Several recent deaths have raised questions about the infamous New York City prison complex. Here are some answers.
New York City’s infamous Rikers Island prison complex has long been known for brutal conditions, but the situation inside has spiraled out of control in recent months.
Ten people imprisoned in Rikers have died this year, with at least four committing suicide – the largest death toll in prison in years. The gang and other captives are taking other imprisoned people to their hostels. There the relatives of the people who are in jail are scared about the lives of their loved ones.
“My child has to go to court, which is being held on the island as he awaits trial on charges of assault and grand theft,” said Penny Wilkinson, mother of 25-year-old Nicolas Caballero. Don’t want to see him die in jail.”
The vast majority of those being put on recourse have not been tried and are presumed innocent.
Here are some answers to questions about what’s causing the feature problems:
When did the crisis start?
Rikers has long been characterized by dysfunction and violence, from its opening in 1935 to a culture of brutality and corruption that led to an extensive federal investigation into the facility a decade earlier.
But the contours of today’s crisis have been shaped by the corona virus, which has infected over 2,200 employees The Department of Corrections has so far led to a widespread shortage of staff.
“It started during COVID and it’s gotten out of control,” said Alice Fontier, Harlem’s Neighborhood Defender Service managing director of staffing problems.
With such a large number of staff members falling ill, the condition of the Rikers worsened. This caused a snowball effect as additional corrections officers – who were given unlimited sick time subject to significant sanctions only until recently – began to call in sick in unusually high numbers, or simply stop showing up. done.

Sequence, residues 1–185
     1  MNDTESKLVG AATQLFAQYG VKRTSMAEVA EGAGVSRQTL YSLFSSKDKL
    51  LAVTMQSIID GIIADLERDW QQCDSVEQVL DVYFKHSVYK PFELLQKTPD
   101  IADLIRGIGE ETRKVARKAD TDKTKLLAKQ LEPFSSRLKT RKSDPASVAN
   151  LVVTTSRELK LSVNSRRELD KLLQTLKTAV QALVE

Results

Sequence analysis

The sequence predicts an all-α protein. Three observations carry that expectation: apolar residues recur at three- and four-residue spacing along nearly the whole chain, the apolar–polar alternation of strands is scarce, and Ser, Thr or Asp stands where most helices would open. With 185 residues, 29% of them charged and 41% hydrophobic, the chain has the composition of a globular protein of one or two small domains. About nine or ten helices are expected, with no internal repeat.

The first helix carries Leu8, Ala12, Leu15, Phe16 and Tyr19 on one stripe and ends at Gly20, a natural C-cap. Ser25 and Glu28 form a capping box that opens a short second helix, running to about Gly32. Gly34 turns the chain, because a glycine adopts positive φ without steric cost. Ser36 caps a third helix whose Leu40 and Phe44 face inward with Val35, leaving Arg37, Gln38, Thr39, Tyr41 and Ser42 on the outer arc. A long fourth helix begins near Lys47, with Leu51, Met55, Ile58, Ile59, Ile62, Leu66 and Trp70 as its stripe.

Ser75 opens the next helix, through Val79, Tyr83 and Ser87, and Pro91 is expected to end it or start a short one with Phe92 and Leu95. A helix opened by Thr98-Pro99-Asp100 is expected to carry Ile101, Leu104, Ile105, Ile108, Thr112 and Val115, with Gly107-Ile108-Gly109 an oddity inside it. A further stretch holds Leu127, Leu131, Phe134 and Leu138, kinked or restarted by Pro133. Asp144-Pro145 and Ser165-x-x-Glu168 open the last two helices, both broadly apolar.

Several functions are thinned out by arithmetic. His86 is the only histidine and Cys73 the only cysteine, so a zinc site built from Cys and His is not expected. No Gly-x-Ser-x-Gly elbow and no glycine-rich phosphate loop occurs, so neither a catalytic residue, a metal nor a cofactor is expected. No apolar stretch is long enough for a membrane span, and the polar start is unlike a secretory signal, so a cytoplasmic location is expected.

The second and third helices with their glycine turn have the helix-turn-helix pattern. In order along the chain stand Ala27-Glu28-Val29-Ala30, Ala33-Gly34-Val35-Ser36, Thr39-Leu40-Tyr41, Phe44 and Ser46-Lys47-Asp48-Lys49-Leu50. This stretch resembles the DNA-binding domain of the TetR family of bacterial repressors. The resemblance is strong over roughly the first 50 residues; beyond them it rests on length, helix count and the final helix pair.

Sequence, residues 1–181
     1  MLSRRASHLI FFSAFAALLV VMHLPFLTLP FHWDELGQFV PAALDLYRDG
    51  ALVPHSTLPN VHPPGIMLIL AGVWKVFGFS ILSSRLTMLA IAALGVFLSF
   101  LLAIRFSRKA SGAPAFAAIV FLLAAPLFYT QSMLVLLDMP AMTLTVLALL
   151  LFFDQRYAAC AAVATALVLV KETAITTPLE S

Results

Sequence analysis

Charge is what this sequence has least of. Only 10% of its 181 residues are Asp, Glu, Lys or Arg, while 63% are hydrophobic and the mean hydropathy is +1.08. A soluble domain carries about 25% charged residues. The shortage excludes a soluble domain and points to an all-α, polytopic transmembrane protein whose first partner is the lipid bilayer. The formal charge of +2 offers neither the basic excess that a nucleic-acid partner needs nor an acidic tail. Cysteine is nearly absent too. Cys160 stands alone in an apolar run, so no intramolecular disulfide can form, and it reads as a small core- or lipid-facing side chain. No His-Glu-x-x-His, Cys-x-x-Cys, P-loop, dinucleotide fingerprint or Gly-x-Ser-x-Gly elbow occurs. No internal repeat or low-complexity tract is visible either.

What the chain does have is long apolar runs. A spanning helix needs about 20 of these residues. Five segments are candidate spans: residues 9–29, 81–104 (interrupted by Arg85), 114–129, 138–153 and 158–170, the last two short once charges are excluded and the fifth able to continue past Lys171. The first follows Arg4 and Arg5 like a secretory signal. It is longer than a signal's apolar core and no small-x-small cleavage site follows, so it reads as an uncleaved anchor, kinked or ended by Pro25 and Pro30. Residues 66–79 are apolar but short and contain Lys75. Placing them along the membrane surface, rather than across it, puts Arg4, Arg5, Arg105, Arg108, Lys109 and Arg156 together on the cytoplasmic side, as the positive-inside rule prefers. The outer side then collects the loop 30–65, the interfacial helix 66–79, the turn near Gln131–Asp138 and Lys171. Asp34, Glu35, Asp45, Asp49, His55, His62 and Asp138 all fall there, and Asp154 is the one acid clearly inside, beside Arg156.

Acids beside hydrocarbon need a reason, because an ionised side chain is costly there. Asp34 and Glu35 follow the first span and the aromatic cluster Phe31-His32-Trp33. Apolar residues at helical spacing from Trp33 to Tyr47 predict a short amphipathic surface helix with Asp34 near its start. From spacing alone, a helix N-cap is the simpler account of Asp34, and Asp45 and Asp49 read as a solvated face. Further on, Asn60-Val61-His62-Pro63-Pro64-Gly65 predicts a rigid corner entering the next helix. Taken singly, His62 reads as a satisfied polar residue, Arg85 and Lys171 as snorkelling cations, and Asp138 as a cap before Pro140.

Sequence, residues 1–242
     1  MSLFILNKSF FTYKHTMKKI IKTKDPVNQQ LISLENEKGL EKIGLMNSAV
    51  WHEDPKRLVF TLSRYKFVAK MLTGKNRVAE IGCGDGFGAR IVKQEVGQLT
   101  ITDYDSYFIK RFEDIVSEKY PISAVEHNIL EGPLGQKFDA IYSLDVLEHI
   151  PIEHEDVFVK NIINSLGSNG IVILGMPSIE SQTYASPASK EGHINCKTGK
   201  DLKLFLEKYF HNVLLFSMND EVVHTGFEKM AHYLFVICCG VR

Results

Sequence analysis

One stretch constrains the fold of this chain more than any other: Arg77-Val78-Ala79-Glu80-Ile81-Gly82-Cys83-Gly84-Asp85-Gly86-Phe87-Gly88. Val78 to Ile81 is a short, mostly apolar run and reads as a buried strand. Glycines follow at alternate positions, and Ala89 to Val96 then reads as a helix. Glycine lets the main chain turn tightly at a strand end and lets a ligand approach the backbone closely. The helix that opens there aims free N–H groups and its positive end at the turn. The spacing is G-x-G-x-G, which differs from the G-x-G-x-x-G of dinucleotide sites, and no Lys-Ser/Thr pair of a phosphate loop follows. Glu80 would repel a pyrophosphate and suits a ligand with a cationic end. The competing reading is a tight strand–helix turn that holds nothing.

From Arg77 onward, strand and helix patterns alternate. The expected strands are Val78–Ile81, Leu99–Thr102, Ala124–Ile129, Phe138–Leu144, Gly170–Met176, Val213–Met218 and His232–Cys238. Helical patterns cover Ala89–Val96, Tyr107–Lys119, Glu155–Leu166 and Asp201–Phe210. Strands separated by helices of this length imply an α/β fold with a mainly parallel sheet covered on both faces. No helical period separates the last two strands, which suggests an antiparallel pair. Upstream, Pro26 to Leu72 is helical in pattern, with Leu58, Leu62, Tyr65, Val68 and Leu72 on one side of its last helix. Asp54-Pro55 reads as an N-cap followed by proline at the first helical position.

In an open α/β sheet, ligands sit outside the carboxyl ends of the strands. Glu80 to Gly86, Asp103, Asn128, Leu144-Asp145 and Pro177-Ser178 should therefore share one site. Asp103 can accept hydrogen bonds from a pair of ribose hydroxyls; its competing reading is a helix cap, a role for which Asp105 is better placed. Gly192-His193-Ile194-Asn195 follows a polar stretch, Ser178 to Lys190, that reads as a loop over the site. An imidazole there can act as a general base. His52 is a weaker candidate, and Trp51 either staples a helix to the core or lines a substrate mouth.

About a year after the pandemic began, A federal monitor noted, “An extraordinarily large number of employees were not reporting to work.” At the same time, the population of detainees in Rikers was increasing.
More than 1,500 people were released to help stop the spread of the coronavirus, but the prison population eventually surpassed pandemic levels – and self-harm rates among those imprisoned there began to rise rapidly.
Until last month, the Monitor found, staff shortages had compromised the safety of everyone on the island.
How could the situation have been so much worse with the lack of staff alone?
Prison officials have reported that an average of 2,000 officers were sick or unable to work at certain points in a day this summer. It is not clear how many people were actually sick; Until last month, corrections officers only had to supply doctor’s notes within two days of becoming ill.
The commissioner of the Department of Corrections, Vincent Shiraldi, said in a hearing on Wednesday that he suspected some officials were using sick days as an “unlimited vacation pool.”
Their unavailability has slowed the basic functions of Rikers to a crawl, starting with the intake process, where people typically spend less than 24 hours receiving clothing, undergoing medical checkups and being assigned to housing units. We do.
In recent months, portions of those hours have been turned into days and even weeks, with people housed in units that don’t have beds or enough room.
Social distancing is impossible but jailed people are not given masks if they lose their masks or get them dirty, at a time when COVID-19 continues to affect them. The distribution of food, water and medicine has been delayed due to short staffing. Many people have also experienced delays in seeking immediate medical and mental health care, and go to court.
According to people who have visited the premises recently, some areas are covered with garbage and urine, and some of the detained people are being kept in small showers with barely enough time to stand. There is enough space.
Who has died in the recursions and how?
the dead include wilson diaz-guzman, 30, who hanged himself in his cell in January, and Javier Velasco, 30, who was found unresponsive in March with a bedsheet wrapped around his neck. on 10 August, Brandon Rodriguez, 25, was found hanging in an intake area in the prison and in a shower on 30 August, According to Gualpa, 57, was found dead in what the Department of Corrections described as a suspected suicide.